However, the combination of IoT and AR holds immediate promise even with or without further automation. With so much potential information available from sensors and devices, visualising useful insights can be difficult. How much better if, for example, looking at physical things or places causes relevant data to appear? At a glance, systems could diplay their wear and load characteristics. Devices in the workplace might have been running too hot or have higher than expected power consumption; these could be highlighted as facilities staff walk through and gaze at them. Smart city or smart campuses could display Wi-Fi usage hotspots for network engineers to make invisible radio network coverage and capacity, visible. In each case, the ability to tie relevant information to the context of place and direction of where it applies makes it easier to visualise and understand and mitigate its impact.
The importance of AR, unlike VR, is the way it is rooted to real places and real things. While there has been a lot of hype in both areas, finding commercially justifiable business use cases has been harder. In combination IoT and AR are worth more than the sum of their parts. One adds real-time data and connections to the real world; the other places it visually in context to deliver the anticipated benefits. Now would be a great time to explore both in combination.
The recent Nordic Cloud Summit in Stockholm presented Google as a new, enterprise focused cloud and infrastructure company. Today, Google is still a minnow in the global enterprise cloud market. But that will change, according to the Google speakers led by Eva Fors, Head of Google Cloud in the Nordics.
Google provided no market figures, but management claims that GCP is the fastest growing part of Google’s business. However, Nordic system integrators like Tieto that support cloud migration, put the revenue accruing from the Google Cloud Platform (GCP) in the 1-2% range of total cloud migration revenues. Google is targeting global-3000 companies in the less regulated, data intensive vertical markets like retail and manufacturing. GCP is already beefing up technical support for its indirect sales channel comprising 10,000+ ISV partners.
Google is clearly determined to commercially exploit its PaaS potential, especially after Diane Greene took over the Google cloud business in 2015. This is what the Google global network looks like on a slide from the Summit:
GCP operates across Google’s global infrastructure. Over the past six years, Google claims to have invested more than 30 billion USD in its global infrastructure. Today, 100,000 miles of fibre and 8 subsea cables support Google’s own traffic. Google claims that its network is traversed by 40% of global Internet traffic. The infrastructure has more than 100 edge points of presence and more than 800 ‘global cache edge nodes’.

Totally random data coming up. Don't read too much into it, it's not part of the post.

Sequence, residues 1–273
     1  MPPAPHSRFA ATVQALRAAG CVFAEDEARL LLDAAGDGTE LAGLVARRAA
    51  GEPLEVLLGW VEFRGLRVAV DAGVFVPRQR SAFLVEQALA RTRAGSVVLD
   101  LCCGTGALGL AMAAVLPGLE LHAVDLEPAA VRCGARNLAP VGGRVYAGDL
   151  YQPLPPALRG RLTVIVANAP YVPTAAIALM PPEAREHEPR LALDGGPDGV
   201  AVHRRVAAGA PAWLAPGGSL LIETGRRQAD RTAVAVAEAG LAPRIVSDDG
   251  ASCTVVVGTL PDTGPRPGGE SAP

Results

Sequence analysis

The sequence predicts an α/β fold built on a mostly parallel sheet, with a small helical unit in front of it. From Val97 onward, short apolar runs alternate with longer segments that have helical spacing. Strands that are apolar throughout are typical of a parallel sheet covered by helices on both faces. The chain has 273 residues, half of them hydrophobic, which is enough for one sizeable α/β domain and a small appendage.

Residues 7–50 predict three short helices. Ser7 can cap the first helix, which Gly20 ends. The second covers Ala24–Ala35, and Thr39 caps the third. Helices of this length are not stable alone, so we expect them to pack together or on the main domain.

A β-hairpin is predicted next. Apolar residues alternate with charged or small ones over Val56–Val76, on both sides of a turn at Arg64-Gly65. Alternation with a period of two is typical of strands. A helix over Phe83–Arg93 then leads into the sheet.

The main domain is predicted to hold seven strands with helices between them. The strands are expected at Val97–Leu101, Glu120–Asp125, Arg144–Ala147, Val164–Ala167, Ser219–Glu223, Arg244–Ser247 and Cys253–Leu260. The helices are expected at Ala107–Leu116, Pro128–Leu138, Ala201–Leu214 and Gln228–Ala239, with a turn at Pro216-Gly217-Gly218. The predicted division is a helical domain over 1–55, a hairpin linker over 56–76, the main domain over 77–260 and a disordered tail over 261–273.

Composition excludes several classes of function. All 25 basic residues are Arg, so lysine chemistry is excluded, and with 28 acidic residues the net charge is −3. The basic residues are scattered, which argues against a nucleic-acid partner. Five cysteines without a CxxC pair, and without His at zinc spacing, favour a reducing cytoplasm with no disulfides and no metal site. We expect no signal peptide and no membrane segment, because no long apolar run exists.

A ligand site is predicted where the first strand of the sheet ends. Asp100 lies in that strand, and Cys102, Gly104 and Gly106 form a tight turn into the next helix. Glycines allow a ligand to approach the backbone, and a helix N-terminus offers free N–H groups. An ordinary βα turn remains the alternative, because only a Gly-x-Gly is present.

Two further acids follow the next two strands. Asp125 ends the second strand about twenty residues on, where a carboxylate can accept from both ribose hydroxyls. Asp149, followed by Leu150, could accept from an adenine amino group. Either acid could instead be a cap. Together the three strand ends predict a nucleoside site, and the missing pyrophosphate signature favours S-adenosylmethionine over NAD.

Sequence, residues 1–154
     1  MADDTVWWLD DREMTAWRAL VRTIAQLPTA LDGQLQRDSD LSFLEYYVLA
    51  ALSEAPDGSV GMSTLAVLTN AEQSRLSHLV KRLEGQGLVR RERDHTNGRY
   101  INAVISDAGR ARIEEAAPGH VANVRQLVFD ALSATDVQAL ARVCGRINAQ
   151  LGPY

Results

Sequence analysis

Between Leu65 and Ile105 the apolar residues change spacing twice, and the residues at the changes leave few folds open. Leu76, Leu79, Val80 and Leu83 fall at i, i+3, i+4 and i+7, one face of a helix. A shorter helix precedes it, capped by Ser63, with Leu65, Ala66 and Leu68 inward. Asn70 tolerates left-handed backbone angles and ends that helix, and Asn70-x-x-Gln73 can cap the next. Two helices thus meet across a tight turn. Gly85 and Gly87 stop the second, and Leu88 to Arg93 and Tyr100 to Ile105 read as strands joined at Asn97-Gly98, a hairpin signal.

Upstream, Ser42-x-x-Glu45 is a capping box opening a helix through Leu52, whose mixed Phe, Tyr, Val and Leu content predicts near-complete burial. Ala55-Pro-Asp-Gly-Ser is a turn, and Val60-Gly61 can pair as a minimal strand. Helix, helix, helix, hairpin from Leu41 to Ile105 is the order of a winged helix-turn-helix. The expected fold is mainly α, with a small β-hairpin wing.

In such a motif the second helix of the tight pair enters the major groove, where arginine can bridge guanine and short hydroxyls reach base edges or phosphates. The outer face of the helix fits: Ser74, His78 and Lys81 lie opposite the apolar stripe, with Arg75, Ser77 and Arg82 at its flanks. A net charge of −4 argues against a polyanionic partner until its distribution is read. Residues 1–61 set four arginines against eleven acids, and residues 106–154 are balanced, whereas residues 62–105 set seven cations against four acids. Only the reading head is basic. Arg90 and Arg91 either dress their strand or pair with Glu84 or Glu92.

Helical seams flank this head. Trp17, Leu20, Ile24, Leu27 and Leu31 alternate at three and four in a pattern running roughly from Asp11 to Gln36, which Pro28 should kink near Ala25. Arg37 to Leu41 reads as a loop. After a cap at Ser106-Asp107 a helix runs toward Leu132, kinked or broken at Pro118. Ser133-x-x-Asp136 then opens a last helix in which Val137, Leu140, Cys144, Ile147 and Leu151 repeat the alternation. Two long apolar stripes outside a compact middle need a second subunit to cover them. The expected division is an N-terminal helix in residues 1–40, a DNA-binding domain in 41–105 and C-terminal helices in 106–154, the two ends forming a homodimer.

Google GCP vs. Amazon AWS?
GCP’s direct competitor is Amazon Web Services (AWS) with its Migration Acceleration Program (MAP), designed to help enterprises migrate existing workloads to AWS. MAP provides consulting support, training and service credits to mitigate risk, build a strong operational foundation and help offset the initial cost of migrations. It includes a migration methodology for executing legacy migrations in a methodical way as well as robust set of tools to automate and accelerate common migration scenarios.
The Google GCP strategy seeks to avoid directly competing with AWS pricing and global availability. Instead the focus is on a wide range of ancillary apps and services that go far beyond what AWS offers. Essentially GCP rests on three basic pillars.
The three GCP pillars
- Security: For enterprises to reap all the benefits of cloud computing they need to trust cloud data centres and the Internet connections to them as much as/more than? they trust their own in-house data centres and corporate networks. Since the emergence of public cloud services, their security record has been a lot better than most corporate data centres, and generally CIOs have come to respect the security provided by tier 1 cloud providers. Google wants to demonstrate the same levels of security for data across its own infrastructure.
- Google supports its customers in preparation for GDPR (General Data Protection Regulation), especially with regards to data centre management, data sovereignty and PII protection (Personally Identifiable Information). One tool demonstrated at the Summit is the DLP API, a layered security service which redacts PII data on retained documents or chat conversations. Typically, this includes contact information, faces, data on credit cards, ID document data etc.